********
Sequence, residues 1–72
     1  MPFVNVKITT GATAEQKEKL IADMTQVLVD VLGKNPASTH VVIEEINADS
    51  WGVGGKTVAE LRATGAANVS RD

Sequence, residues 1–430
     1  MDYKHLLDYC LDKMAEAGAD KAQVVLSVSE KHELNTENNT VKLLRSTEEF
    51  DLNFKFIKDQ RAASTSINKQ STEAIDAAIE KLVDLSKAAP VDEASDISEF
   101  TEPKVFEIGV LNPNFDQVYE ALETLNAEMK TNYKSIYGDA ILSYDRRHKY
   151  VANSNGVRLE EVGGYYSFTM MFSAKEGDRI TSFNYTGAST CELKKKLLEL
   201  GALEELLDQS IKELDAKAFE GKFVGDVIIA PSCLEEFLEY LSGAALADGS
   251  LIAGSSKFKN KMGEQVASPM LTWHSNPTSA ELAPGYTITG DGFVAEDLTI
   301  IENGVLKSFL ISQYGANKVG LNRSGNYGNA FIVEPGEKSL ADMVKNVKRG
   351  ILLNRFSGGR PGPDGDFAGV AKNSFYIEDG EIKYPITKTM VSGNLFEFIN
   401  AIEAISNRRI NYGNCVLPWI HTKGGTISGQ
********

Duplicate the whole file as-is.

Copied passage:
Sequence, residues 1–72
     1  MPFVNVKITT GATAEQKEKL IADMTQVLVD VLGKNPASTH VVIEEINADS
    51  WGVGGKTVAE LRATGAANVS RD

Sequence, residues 1–430
     1  MDYKHLLDYC LDKMAEAGAD KAQVVLSVSE KHELNTENNT VKLLRSTEEF
    51  DLNFKFIKDQ RAASTSINKQ STEAIDAAIE KLVDLSKAAP VDEASDISEF
   101  TEPKVFEIGV LNPNFDQVYE ALETLNAEMK TNYKSIYGDA ILSYDRRHKY
   151  VANSNGVRLE EVGGYYSFTM MFSAKEGDRI TSFNYTGAST CELKKKLLEL
   201  GALEELLDQS IKELDAKAFE GKFVGDVIIA PSCLEEFLEY LSGAALADGS
   251  LIAGSSKFKN KMGEQVASPM LTWHSNPTSA ELAPGYTITG DGFVAEDLTI
   301  IENGVLKSFL ISQYGANKVG LNRSGNYGNA FIVEPGEKSL ADMVKNVKRG
   351  ILLNRFSGGR PGPDGDFAGV AKNSFYIEDG EIKYPITKTM VSGNLFEFIN
   401  AIEAISNRRI NYGNCVLPWI HTKGGTISGQ